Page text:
5.0 Mustang & Super Fords
NY-Trex Triple Threat Nitrous - Pressurized Predator - S197 Nitrous System
Ny-Trex Proves Easy, Affordable Power Is Far From Extinct
Remember the days when nitrous oxide used to (unfairly, in my opinion) get a bad rap as being the almighty destructor of 5.0-liter Mustang engines? Thankfully, things are a lot different (and better) now with regard to nitrous oxide kits for late-model Ponies. Read on and see one of the reasons.
When it comes to discussing power adders for late-model Mustangs, it seems like most of today's talk is centered around superchargers or turbochargers-especially for the latest additions to Ford's Pony Corral, '05-'10s. Seldom do we hear 'Stangbangers sing high praises about nitrous oxide. It doesn't matter whether cats are bench racing at the shop, at the track, or on the Internet, bold statements of wicked performance and questions about achieving impressive horsepower and torque gains usually include some mention of boost.
While blowers and turbos are cool in the grand scheme of things, as longtime enthusiasts we recall the days when nitrous systems were the only over-the-counter controlled substance that was available for supernaturally enhancing a Pony. As such, we think it's crucial to also keep juice in the minds of 'Stang owners with newer cars, especially when a company puts a new spin on the manner in which it is delivered. After all, oxide still leads all adders as far as extreme overall value is concerned.
Ny-Trex, a division of Design Engineering Incorporated-the folks who market the CryO2 brand of air-charge chillers-is one-such company that has given nitrous fresh breath, so to speak, with its new Triple-Threat wet system for '05-'10 Mustangs.
You're probably asking, what could there possibly be that's "new" for a Mustang wet system, right? Well, we initially wondered the same thing, when Ny-Trex's president, Ken Brahier, contacted us to schedule a meeting and demonstration of his company's unique new unit. While we agreed to the visit, apprehension was somewhat high because, for all intents and purposes, "nitrous is nitrous" in our book when it comes to bolt-on wet kits for street/strip 'Stangs.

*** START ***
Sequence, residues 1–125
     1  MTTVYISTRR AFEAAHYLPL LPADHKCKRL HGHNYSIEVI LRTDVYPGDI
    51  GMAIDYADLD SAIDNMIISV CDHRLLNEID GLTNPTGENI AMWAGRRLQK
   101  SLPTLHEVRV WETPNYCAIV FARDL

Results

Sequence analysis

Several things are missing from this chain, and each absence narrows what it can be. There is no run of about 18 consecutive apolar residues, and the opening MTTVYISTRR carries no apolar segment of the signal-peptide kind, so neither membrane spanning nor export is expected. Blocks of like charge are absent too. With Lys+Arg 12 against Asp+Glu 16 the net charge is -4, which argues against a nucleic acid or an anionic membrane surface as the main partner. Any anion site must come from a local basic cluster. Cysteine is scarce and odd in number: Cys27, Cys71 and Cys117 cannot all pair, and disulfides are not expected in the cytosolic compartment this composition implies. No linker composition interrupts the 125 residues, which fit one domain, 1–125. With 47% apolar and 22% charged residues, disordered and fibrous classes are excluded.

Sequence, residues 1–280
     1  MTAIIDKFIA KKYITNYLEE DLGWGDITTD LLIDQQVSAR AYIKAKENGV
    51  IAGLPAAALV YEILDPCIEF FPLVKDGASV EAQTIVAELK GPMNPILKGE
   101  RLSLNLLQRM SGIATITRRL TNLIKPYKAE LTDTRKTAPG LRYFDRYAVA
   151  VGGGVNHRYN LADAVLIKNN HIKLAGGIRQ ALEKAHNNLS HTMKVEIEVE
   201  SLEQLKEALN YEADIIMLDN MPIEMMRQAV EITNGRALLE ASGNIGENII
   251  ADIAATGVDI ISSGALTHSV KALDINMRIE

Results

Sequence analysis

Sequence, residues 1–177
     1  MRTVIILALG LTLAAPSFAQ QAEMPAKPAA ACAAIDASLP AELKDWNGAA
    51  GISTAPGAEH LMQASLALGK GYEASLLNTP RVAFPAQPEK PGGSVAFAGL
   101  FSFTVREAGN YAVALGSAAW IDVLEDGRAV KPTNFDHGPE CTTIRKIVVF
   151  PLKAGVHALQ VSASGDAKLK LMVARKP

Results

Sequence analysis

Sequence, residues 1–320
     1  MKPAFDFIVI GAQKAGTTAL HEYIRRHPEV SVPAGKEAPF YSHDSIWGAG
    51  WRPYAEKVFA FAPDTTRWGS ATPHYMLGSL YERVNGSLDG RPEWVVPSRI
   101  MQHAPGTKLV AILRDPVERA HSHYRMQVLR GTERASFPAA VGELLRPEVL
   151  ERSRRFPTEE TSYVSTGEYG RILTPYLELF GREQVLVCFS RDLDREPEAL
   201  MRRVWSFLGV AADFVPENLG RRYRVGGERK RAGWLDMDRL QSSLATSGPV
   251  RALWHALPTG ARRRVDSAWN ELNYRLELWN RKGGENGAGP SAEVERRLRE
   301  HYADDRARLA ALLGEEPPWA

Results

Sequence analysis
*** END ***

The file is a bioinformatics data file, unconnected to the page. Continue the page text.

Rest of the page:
Breaking it down purely from a components standpoint, basic nitrous wet systems all usually include 10- or 15-pound tanks, bottle brackets, braided line for nitrous and fuel flow, electrical gear, a nozzle, and, again, like other entry-level setups, solenoids. There usually are two (one for nitrous and one for fuel), and sometimes a third solenoid (that is used as purge valve). This is where the traditional systems and the all-new Triple-Threat nitrous unit from Ny-Trex (PN 110029: $1,126.05) differ.
Ny-Trex has taken the all-in-one idea to the next level. Not only is every piece you can imagine you'll ever need for a nitrous install included in the box, the company also has completely revolutionized solenoid technology for nitrous systems. This is thanks to its sleek three-solenoid system (from which the unit gets its Triple-Threat moniker), which incorporates nitrous, fuel, and purge solenoids into one single component.
Yes, it does sound a bit crazy, but the curiosity to see an all-inclusive solenoid structure in action resulted in the Ny-Trex Triple-Threat installation that is detailed in the following pages. The effort took us out to the Arizona desert for a visit with Tom Thompson and his team at AMP Performance in Phoenix. AMP's lead technician, Chris Ciolek, is the original owner of an '06 Mustang that was in need of a little more oomph. Believe it or not, it was still wanting for power after a brief and bad experience with increasing power with a supercharger; the blower failed, but thankfully did not cause any catastrophic engine damage.
With the Pony returned to its stock trim (with the exception of twin Shelby GT500 fuel pumps and an S&B CAI installed), we followed along as Chris went about installing this new nitrous kit on his steed, and, as we always do, evaluated the Triple-Threat's performance potential by putting the Mustang through its paces on the rollers of the Dynojet chassis dyno, once the pieces were in place.